UEFA has donated €100,000 to the International Committee of the Red Cross for its rehabilitation programme in Afghanistan for landmine victims and people with other disabilities – and Real Madrid's Sergio Ramos presented the cheque.
UEFA believes deeply in football's power to help people rebuild their lives – and puts these convictions into practice in a long-standing partnership with the International Committee of the Red Cross (ICRC).
For the tenth successive year, UEFA has donated €100,000 to the ICRC for its rehabilitation programme in Afghanistan for landmine victims and people with other disabilities.
This year, Real Madrid defender Sergio Ramos has lent crucial support to the programme and partnership, acting as a role model and transmitting his strong love of the game into the bargain.
Ramos presented the €100,000 donation to the ICRC's regional director for Asia, Boris Michel, in the presence of UEFA Fair Play and Social Responsibility Committee chairman Peter Gilliéron, ahead of Madrid's UEFA Champions League round of 16 encounter with Napoli at the Estadio Santiago Bernabéu on Wednesday.
The Spanish international received the most votes from fans in the UEFA.com users' 2016 Team of the Year poll.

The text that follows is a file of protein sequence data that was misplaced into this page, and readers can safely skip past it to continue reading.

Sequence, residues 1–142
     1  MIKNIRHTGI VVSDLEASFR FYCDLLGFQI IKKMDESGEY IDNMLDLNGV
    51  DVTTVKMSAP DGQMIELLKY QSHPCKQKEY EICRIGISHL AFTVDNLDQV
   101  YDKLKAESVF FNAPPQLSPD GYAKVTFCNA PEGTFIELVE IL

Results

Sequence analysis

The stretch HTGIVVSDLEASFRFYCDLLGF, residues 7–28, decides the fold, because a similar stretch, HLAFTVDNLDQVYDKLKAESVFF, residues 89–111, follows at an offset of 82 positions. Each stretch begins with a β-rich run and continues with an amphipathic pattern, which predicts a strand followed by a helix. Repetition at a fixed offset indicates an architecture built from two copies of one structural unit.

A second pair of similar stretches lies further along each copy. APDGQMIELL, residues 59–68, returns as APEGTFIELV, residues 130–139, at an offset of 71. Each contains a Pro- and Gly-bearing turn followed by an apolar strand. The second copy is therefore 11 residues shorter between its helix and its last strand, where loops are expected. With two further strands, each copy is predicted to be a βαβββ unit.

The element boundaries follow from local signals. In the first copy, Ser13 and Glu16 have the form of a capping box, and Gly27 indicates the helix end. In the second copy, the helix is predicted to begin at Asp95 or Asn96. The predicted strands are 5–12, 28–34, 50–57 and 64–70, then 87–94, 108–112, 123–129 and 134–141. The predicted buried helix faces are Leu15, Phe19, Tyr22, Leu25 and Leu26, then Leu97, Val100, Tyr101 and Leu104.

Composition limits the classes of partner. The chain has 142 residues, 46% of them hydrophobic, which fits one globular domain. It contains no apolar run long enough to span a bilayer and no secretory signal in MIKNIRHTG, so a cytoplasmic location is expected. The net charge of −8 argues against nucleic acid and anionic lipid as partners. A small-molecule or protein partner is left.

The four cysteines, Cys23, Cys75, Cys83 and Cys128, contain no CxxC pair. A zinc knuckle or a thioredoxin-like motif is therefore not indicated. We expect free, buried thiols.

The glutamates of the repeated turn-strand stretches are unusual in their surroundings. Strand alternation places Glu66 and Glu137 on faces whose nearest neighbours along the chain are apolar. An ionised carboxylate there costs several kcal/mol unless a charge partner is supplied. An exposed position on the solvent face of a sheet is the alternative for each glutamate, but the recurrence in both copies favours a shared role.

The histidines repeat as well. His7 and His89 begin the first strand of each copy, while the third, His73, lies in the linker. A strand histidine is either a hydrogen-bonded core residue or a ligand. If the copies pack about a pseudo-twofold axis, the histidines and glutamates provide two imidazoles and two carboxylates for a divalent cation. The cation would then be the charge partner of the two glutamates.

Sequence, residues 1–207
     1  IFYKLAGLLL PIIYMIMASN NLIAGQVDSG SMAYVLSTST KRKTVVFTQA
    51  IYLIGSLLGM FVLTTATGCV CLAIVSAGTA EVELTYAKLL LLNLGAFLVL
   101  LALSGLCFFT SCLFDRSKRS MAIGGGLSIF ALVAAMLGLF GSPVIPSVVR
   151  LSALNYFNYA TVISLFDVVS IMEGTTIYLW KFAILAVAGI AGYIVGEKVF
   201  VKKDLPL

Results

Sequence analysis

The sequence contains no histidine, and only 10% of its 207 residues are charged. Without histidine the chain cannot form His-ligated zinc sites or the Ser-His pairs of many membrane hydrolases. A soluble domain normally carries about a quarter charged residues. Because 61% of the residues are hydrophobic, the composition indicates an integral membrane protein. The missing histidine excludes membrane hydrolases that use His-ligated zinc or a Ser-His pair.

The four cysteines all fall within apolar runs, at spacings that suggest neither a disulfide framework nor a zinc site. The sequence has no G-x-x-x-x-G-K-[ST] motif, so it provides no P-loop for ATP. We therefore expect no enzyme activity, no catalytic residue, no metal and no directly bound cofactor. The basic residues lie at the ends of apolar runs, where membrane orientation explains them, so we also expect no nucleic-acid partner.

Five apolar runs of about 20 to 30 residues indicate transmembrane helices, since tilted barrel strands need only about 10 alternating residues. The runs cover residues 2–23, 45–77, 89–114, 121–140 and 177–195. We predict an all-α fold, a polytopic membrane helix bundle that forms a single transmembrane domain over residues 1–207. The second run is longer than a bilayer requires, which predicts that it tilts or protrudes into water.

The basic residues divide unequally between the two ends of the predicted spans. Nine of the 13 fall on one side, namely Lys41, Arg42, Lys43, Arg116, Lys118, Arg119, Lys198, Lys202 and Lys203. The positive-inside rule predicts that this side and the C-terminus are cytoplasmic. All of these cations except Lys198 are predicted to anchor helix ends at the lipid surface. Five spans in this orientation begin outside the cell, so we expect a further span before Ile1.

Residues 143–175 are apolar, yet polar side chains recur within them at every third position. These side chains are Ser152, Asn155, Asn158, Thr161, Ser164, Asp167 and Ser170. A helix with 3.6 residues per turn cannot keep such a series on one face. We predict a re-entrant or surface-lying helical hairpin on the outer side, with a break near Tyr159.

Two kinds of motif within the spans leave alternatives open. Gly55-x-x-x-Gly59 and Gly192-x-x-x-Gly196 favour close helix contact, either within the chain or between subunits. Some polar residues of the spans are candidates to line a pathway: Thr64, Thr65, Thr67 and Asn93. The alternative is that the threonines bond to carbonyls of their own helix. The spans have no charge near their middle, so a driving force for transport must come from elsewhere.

He brought delight to members of the Kabul rehabilitation centre's football team by giving of his time to answer questions from players and explain what it takes to be a top player.
"The people benefiting from the ICRC programme in Afghanistan are an inspiration to us," he said, "as they set an example of how to approach life in a positive manner despite the problems they face."
The ICRC's mission is to protect civilians in countries affected by war, and it has worked in partnership with UEFA since 1997.
The rehabilitation programme in Afghanistan includes the provision of artificial limbs, physiotherapy, vocational training and the chance to play and savour the joy of football in the rehabilitation centre's football team.
"I would like to pay tribute to the ICRC, who have been working relentlessly to help landmine victims, many of whom are children," said UEFA President Aleksander Čeferin. "Their programme in Afghanistan, which has been in place for several years, shows that football can offer real hope in challenging times.
"I am glad UEFA can help this cause, and that the sport we love can have a positive impact on the rehabilitation process of so many people in this troubled region," he added.